Our study contributes to an increasing body of empirical evidence that reproductive barriers can be complex. We set out to quantify the premating reproductive barriers between G. bimaculatus and G. campestris and to test the hypothesis that the more polyandrous species is more prone to mate heterospecifically due to reduced female choosiness. Our results show reproductive barriers, which differed in magnitude depending on sex and species. The asymmetry found was in the predicted direction, but alternative explanations not linked with levels of polyandry cannot be excluded. The complexity of reproductive barriers indicates that the usual approach of conducting experiments that focus on only a single aspect of premating reproductive isolation may not be sufficient. This suggests a need for further theoretical work integrating these areas to guide future empirical work [30], [63] alongside empirical efforts to increase the small number of studies that quantify in detail reproductive barriers at more than one stage in the reproductive process [8].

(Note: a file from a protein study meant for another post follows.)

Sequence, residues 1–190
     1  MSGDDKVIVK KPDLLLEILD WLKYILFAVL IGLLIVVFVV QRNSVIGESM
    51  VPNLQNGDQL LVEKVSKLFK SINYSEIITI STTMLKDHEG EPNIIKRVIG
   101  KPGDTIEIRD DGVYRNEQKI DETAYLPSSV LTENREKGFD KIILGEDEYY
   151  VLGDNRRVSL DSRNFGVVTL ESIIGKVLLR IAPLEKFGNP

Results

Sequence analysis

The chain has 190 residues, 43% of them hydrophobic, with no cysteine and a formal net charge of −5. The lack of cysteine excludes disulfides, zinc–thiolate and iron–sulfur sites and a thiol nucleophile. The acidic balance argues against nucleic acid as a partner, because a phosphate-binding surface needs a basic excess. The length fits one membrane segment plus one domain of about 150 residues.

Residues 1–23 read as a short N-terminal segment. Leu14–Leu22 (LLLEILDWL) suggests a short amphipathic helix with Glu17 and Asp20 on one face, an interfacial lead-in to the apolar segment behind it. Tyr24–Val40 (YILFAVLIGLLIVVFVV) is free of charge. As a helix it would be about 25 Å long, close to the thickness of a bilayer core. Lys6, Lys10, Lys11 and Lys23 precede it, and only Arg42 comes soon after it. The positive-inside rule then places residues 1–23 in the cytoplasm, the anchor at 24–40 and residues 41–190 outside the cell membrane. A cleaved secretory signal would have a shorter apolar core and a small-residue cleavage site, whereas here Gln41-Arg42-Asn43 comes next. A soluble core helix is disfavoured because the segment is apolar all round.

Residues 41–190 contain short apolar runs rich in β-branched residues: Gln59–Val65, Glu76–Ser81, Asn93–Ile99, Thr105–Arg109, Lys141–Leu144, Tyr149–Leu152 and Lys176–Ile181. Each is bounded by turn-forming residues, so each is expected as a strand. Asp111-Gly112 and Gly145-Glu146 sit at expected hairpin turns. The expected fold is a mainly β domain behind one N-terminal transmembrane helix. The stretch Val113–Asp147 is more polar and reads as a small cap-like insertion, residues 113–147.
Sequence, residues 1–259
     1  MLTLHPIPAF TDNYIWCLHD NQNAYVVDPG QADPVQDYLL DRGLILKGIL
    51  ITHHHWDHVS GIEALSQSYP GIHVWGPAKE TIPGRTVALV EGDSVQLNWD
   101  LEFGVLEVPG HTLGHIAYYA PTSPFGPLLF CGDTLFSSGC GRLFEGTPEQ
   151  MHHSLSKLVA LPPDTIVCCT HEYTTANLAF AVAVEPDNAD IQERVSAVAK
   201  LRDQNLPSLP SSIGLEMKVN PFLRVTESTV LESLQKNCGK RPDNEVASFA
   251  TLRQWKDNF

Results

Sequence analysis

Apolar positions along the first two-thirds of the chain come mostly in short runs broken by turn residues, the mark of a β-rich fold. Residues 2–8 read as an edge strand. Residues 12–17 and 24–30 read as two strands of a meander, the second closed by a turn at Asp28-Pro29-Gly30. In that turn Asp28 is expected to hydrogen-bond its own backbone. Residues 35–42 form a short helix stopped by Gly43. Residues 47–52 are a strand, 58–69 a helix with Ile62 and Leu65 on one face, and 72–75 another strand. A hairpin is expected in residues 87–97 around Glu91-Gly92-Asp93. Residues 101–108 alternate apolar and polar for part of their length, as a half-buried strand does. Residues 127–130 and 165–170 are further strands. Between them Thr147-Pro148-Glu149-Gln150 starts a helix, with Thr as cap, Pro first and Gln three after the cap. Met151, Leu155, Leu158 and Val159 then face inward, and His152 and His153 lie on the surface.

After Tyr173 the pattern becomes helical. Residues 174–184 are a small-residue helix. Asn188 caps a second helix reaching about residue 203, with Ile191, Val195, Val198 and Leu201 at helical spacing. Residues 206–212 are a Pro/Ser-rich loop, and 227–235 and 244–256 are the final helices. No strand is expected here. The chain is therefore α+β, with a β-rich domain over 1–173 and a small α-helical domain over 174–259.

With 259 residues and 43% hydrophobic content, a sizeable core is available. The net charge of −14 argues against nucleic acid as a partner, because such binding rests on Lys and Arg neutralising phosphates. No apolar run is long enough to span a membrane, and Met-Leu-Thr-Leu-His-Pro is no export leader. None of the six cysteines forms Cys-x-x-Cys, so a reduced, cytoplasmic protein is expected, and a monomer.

The authors would like to thank Dave Punzalan for valuable discussions and Rich FitzJohn for much appreciated help with R.

Author Contributions

Conceived and designed the experiments: TV TT. Performed the experiments: TV JF RR-M. Analyzed the data: TV JF. Wrote the paper: TV TT RR-M JF. Identified and collected cricket populations from the field: RR-M.


  1. 1. Coyne JA, Orr HA (2004) Speciation. Sunderland: Sinauer Associates.
  2. 2. Orr HA (1995) The population genetics of speciation - the evolution of hybrid incompatibilities. Genetics 139: 1805–1813.
  3. 3. Price TD, Bouvier MM (2002) The evolution of F-1 postzygotic incompatibilities in birds. Evolution 56: 2083–2089.
  4. 4. Kirkpatrick M, Ravigné V (2002) Speciation by natural and sexual selection: Models and experiments. American Naturalist 159: S22–S35.
  5. 5. Servedio MR, Noor MAF (2003) The role of reinforcement in speciation: Theory and data. Annual Review of Ecology Evolution and Systematics 34: 339–364.
  6. 6. Linder HP, Midgley J (1996) Anemophilous plants select pollen from their own species from the air. Oecologia 108: 85–87.
  7. 7. Ramsey J, Bradshaw HD, Schemske DW (2003) Components of reproductive isolation between the monkeyflowers Mimulus lewisii and M. cardinalis (Phrymaceae). Evolution 57: 1520–1534.
  8. 8. Lemmon EM, Lemmon AR (2010) Reinforcement in chorus frogs: lifetime fitness estimates including intrinsic natural selection and sexual selection against hybrids. Evolution 64: 1748–1761.
  9. 9. Pfennig KS (2000) Female spadefoot toads compromise on mate quality to ensure conspecific matings. Behavioral Ecology 11: 220–227.